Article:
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Study: Holocaust education reduces hate crimes against minority communities

“When you see antisemitism, that’s not just hatred against Jews. That’s a breakdown in the fundamental systems that protect us all,” said Daniel Pomerantz, CEO of RealityCheck.

Platform 17, a Holocaust memorial, in Berlin. Photo by Menachem Wecker.
Platform 17, a Holocaust memorial, in Berlin. Photo by Menachem Wecker.

Mandated Holocaust education in U.S. schools reduces hate crimes both against Jews, as well as across a wide swath of minority communities, according to data from RealityCheck Research, a new nonprofit based in New York, Tel Aviv and London.

Hate crimes against black communities went down more than 55% in states with Holocaust-education laws, while antisemitic crimes dropped 54.8%.

Those states also saw drops in hate crimes against Muslims (24%), LGBTQ people (43%), Latinos (34%) and Asian Americans (13%), as well as disabled Americans (48%), according to RealityCheck data.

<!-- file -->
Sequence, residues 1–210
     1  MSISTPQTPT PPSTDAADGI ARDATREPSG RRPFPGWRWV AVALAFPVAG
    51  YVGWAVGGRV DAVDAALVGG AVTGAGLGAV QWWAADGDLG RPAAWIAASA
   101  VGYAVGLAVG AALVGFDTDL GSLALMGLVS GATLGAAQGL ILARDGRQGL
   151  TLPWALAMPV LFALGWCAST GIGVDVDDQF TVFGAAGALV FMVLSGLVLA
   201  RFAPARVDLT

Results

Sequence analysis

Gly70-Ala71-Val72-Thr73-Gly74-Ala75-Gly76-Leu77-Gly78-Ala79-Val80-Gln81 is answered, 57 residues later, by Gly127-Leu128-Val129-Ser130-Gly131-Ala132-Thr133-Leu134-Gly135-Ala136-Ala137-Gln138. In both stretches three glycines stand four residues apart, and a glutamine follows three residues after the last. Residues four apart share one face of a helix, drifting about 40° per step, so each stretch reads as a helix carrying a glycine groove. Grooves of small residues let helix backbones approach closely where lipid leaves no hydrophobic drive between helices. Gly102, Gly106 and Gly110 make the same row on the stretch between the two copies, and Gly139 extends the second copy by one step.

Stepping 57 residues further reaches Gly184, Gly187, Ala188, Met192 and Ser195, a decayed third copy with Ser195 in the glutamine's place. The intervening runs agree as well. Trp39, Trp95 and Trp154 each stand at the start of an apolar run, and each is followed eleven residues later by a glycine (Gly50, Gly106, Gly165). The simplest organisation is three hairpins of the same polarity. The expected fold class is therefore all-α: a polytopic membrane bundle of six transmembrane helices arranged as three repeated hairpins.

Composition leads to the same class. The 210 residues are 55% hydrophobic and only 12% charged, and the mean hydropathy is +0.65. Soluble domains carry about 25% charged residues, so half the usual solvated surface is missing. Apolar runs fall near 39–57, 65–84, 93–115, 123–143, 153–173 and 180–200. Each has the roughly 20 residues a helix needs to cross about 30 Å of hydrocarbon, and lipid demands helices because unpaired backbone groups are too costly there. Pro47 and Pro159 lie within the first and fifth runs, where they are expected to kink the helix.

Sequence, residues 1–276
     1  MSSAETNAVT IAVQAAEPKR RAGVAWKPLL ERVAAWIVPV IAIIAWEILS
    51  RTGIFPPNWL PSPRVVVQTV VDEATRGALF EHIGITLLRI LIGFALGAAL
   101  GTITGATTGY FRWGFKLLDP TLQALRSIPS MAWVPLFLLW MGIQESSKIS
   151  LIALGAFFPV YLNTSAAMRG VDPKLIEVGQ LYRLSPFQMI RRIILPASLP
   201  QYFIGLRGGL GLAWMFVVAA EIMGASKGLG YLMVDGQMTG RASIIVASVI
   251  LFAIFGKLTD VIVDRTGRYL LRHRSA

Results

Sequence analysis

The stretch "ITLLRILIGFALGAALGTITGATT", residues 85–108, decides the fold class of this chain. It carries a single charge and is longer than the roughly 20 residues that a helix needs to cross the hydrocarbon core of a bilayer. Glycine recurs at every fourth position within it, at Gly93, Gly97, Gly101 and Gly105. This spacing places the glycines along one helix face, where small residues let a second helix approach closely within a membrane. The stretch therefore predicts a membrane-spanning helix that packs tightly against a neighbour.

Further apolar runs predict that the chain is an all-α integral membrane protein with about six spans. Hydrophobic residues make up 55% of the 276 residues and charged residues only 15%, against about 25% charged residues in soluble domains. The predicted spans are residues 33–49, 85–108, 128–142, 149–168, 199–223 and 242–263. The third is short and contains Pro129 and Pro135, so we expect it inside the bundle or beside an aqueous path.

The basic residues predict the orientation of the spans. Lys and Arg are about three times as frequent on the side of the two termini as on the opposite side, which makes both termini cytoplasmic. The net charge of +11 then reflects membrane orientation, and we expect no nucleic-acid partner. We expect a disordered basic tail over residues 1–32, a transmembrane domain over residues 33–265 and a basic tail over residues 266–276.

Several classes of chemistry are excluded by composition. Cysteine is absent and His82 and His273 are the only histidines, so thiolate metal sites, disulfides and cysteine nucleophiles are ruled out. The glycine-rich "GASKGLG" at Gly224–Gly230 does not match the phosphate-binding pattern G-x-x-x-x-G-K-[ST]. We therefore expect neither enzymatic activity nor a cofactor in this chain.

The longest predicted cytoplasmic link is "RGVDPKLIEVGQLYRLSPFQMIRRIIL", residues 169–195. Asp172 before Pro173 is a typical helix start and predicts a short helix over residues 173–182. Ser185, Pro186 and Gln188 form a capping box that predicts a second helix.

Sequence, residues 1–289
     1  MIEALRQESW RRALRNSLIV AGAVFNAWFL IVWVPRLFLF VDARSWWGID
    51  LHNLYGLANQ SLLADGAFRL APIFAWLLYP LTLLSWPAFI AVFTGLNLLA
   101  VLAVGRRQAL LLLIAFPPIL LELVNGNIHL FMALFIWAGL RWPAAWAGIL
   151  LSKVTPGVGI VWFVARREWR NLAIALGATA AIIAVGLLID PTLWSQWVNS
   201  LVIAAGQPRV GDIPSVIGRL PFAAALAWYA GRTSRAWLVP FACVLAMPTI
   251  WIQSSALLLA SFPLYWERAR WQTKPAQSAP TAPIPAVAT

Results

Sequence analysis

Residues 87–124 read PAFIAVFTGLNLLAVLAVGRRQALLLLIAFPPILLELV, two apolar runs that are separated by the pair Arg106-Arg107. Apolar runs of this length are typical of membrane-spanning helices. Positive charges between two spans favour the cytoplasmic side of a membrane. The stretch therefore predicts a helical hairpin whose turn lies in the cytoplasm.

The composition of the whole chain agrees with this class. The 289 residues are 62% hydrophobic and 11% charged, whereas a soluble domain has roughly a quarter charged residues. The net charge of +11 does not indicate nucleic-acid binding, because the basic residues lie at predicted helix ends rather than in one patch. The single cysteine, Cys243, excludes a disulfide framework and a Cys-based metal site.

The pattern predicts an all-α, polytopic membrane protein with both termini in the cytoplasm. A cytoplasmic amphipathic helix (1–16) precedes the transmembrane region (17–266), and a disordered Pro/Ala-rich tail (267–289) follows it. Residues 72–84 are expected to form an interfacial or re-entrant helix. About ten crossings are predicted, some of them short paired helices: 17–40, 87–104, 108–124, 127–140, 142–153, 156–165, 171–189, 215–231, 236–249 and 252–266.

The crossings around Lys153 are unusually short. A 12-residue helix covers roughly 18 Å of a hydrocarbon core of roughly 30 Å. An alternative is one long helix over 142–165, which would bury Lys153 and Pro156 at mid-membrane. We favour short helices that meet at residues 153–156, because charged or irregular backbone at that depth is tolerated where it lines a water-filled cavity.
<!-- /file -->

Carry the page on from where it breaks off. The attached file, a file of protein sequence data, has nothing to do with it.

The nonprofit used FBI hate crime and U.S. Census data to calculate the per capita rate of hate crimes against each group, and it compared states with and without Holocaust education laws.

“For people who understand Holocaust education, this isn’t surprising. We know the fundamental principle that when you see antisemitism, that’s not just hatred against Jews. That’s a breakdown in the fundamental systems that protect us all,” Daniel Pomerantz, CEO of RealityCheck, told JNS.

“But communities outside of Jewish communities don’t necessarily know this,” he added.

When RealityCheck shares its results with non-Jewish communities, the latter “discover that supporting our work benefits their own self-interest as well. This is fundamentally true, but for the first time, we actually have data to prove it,” said Pomerantz.

While he noted that law enforcement is critical to battling hate crimes, Pomerantz added that the study’s results demonstrate that more police, larger budgets and new criminal laws aren’t necessarily the top priority for tackling such crimes.

“When people understand that the health and safety of Jewish communities and fairness toward Israel implies health and safety and fairness toward all communities, we develop greater support and cooperation around the world,” Pomerantz told JNS.

“When people don’t understand this, we move toward increased polarization and increased danger and hate crimes against all vulnerable communities in America,” he added.

RealityCheck is currently conducting a national follow-up study on this subject.

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